Should We Frame Flooring Joists?
I hope somebody can help. I currently have a builder in replacing our old wooden garage with a brick extension on the side of our house. All is well, walls are up, roof on etc. BCO is happy enough.
Now we are at the stage of laying the flooring joists. A 6inch breeze block wall has been constructed around the room (and down the middle) to support the weight of the joists. The builder is suggesting that the flooring joists simply sit on top of this without being bolted down, using the actual floor panels to hold them in place.
From my limited experience, I expected there to be a wooden 'frame' fixed around the walls of the room and the joists to be secured to this.
Can anybody tell me whether the frame is necessary? If not, is it acceptable to simple rely on the weight of the floor to hold joists in place? To me, it sounds like I'd end up with a very creaky floor!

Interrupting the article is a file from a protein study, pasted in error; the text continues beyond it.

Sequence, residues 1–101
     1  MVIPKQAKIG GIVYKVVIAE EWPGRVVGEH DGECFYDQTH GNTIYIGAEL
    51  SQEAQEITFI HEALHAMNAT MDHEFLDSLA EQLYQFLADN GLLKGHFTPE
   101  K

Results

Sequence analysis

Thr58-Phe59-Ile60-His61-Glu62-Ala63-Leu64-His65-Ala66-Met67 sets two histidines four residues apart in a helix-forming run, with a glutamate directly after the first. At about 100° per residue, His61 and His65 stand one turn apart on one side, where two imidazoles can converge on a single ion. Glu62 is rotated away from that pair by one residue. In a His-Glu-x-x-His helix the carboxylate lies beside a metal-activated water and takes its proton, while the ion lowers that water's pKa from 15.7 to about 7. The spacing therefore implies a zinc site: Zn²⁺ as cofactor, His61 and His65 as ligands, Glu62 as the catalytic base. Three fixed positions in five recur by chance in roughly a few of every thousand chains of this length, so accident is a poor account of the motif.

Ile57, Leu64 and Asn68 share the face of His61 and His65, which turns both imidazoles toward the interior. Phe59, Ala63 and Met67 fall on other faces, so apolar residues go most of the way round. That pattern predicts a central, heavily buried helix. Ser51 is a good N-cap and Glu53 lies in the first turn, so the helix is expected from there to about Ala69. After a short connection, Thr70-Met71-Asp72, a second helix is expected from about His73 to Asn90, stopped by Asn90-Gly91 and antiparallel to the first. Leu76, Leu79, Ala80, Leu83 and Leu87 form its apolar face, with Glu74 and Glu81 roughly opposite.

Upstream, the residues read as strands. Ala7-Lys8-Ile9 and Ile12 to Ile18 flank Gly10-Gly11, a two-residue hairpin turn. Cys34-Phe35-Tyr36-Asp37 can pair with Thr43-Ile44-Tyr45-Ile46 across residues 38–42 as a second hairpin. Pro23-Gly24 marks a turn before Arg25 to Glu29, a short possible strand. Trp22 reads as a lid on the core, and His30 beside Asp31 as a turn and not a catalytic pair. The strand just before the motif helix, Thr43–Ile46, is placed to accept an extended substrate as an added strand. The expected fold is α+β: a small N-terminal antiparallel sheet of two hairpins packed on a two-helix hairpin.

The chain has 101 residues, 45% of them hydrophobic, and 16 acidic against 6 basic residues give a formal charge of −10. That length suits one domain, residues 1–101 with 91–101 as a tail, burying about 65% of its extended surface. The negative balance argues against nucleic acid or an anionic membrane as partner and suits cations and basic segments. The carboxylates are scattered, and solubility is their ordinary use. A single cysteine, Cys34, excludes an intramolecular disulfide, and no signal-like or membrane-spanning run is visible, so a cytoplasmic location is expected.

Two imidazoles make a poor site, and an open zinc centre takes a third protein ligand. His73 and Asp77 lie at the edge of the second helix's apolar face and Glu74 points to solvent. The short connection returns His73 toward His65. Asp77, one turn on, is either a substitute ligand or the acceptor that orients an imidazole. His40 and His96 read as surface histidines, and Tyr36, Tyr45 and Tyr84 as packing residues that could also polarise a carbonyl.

No clue what a breeze block wall is.
A picture sure would be nice.
There needs to be foundation bolts, a mud sill, (also called a foundation plate) out of pressure treated wood, rim joist then the floor joist with joist hangers.
Your local building dept. can tell you how many, the length and the placement of the foundation bolts.
I can not think of any reason to just count on the weight of the lumber to hold it in place.
If it was mine I also would have the new foundation pretreated for termites, and lay down a 6 mil. vaper on the ground held in place with 16" insulation hangers bent in half.
They did install foundation vents, right?
A pretreatment means they can just spray the termicide down inside the blocks and into the trench on the inside of the wall. Far cheaper then having to do it later with the floor in place, and no drilling needed.
|All times are GMT -5. The time now is 06:42 PM.|
vBulletin Security provided by vBSecurity v2.2.2 (Pro) - vBulletin Mods & Addons Copyright © 2016 DragonByte Technologies Ltd.
User Alert System provided by Advanced User Tagging (Pro) - vBulletin Mods & Addons Copyright © 2016 DragonByte Technologies Ltd.